Hard Eight Reviews
Saw this on 2/6/16
An average film from an always overrated Paul Thomas Anderson that is well shot and features a good performance from Philip Baker Hall. However, the story is so thin and despite some tension buildup, the film is mostly lacking in suspense.
I often find myself comparing Paul Thomas Anderson's first two films with the work of Quentin Tarantino because I just think that they both had a similar approach to movie-making at the time, though that's certainly less the case today. Anyway, for me, Hard Eight is Anderson's Jackie Brown- it's more quiet and understated than Boogie Nights (or Pulp Fiction if we're still talking about Tarantino) but it has the same focus on giving multiple interesting characters a chance to breathe and develop on-screen. Indeed, that's really the point of Hard Eight (and why Anderson named it Sydney) - it's really about seeing Hall's character develop and this happens in the midst of a romance, a casino flick, a drama, and even a mob movie to some extent (though maybe that's just what happens to films when you put Casinos in them).
Anyway, there's plenty to love here and I particularly enjoyed the relationship between Paltrow and Reilly, who seemed to work together surprising well on screen.
It certainly lacks energy at times and not always in the same brooding way that much of Anderson's later, slower ,work does- Hard Eight just lacks a little self-belief at times and is clearly the work of a filmaker who, for whatever reasons, seemed to be somewhat limited in how they told their story. Boogie Nights certainly changed that though.
One of my least-favouritte of Anderson's films but he is my favourite living writer and director so that's not really saying much. A great film, but better was still to come.
The previously mentioned gambler is Sydney (Philip Baker Hall), an aging sinner who dresses like an uncorrupted oil tycoon and speaks with the slippery woes of a pastor. When we first meet him, he invites street-dwelling bum John (John C. Reilly) for a cup of coffee, eventually inviting him to travel down to Reno with him to learn the ins-and-outs of gambling and make a living. With no prospects, John takes the offer, unsuspecting that Sydney may have underlying intentions.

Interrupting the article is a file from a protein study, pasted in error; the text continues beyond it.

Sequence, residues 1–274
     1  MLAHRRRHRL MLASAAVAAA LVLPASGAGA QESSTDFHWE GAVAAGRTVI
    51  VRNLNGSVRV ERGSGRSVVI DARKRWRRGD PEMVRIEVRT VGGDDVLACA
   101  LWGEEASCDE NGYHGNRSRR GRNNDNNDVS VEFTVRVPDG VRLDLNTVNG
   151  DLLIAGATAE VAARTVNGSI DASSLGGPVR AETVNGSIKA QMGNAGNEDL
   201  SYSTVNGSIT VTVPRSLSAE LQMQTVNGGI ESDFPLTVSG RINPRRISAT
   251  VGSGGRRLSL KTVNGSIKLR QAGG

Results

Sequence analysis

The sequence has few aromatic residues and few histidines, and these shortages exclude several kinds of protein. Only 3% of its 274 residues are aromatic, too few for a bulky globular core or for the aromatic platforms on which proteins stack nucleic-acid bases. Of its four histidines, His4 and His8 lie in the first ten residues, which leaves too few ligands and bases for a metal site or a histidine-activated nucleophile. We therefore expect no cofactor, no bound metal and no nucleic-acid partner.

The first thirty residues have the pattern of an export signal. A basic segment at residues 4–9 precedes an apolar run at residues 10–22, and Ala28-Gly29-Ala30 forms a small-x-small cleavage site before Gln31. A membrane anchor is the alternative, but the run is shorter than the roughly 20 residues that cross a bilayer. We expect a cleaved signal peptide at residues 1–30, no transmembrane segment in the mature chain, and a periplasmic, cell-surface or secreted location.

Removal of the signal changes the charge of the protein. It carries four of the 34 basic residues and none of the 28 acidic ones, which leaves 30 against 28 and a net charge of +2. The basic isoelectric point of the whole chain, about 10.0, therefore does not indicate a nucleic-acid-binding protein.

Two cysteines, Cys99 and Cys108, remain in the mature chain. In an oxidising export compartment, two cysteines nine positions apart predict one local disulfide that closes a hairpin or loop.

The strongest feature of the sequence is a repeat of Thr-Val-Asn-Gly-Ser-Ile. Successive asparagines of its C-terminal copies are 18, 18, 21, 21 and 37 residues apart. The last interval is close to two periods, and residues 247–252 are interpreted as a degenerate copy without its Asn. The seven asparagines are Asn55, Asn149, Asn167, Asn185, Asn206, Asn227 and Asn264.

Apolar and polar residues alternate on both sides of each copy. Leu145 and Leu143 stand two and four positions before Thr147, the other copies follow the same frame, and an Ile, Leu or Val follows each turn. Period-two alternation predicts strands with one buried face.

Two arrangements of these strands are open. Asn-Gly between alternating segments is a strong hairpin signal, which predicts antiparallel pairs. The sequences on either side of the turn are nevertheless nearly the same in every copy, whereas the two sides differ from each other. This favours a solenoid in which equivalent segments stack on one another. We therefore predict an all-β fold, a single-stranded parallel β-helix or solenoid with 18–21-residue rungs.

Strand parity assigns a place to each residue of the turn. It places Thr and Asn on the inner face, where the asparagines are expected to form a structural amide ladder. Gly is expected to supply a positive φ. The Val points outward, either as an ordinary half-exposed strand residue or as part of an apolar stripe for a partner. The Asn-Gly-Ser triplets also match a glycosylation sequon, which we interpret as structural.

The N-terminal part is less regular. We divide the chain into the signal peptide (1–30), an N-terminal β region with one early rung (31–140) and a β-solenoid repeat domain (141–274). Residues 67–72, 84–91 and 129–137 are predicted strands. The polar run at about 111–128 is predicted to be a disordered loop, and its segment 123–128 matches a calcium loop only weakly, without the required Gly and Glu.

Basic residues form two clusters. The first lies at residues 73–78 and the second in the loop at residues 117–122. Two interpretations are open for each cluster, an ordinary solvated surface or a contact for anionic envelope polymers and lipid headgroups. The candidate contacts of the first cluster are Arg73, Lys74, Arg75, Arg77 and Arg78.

Two years later, John has become Sydney's right-hand man, calling a local casino home and calling hooker/waitress Clementine (Gwyneth Paltrow) his main squeeze. Sydney now views the kid as a makeshift son, helping him stay out of trouble and always providing support when the going gets rough. For the most part, the three live a peaceful, if unfulfilling existence - but when John acts irrationally one night and takes one of Clementine's john's hostage after he doesn't pay her, the mini-empire Sydney has created for them may come crashing down.
As an introduction to the works of Anderson, "Hard Eight" provides a foundation but not a feast. We have the three-dimensional characters, dressed to the nines in eccentricities that could only work in the hands of Anderson, the compulsively listenable dialogue, the modernized music, the plot points that seem unexpected because everything is so real. But missing is the lived-in atmosphere that Anderson so frequently boasts, which does not count as a complaint because "Hard Eight" is 97 minutes while his most recent film, "Inherent Vice", was 149. It feels minor thanks to the operatic flawlessness of his other movies. And yet, even when Anderson is taking a day off (or in this case, introducing himself), his sensibilities are still a hell of a lot more effective than most of his peers.
But the best thing about "Hard Eight" is the casting of Philip Baker Hall, a character actor usually so confined to supporting parts in A-list movies that seeing him pave the way for once is an unequivocal treat. Few actors could play Sydney with such believability - with his puppy-dog eyes and weathered face, he has the look of a man who has made grave mistakes during his lifetime, only in his old age deciding that now is the time to make right. When it is revealed why he decided to help John in the first place is at once shocking and completely unsurprising - it's rage-inducing and heartbreaking. As John, Reilly is lovably apish; as his girl, Paltrow jerks our emotions - young and beautiful, we can see her potential but are also aware that the world is too cruel of a place to get her out of the purgatory she calls home.
If you're looking for Anderson's breakthrough, turn toward the wondrous "Boogie Nights", a deliciously satirical yet tragic account of the Golden Age of Porn. But "Hard Eight", small and to-the-point, is still competent and clever enough to make for above average entertainment. It's for the die-hard Anderson obsessors who ran out of epics to fixate upon.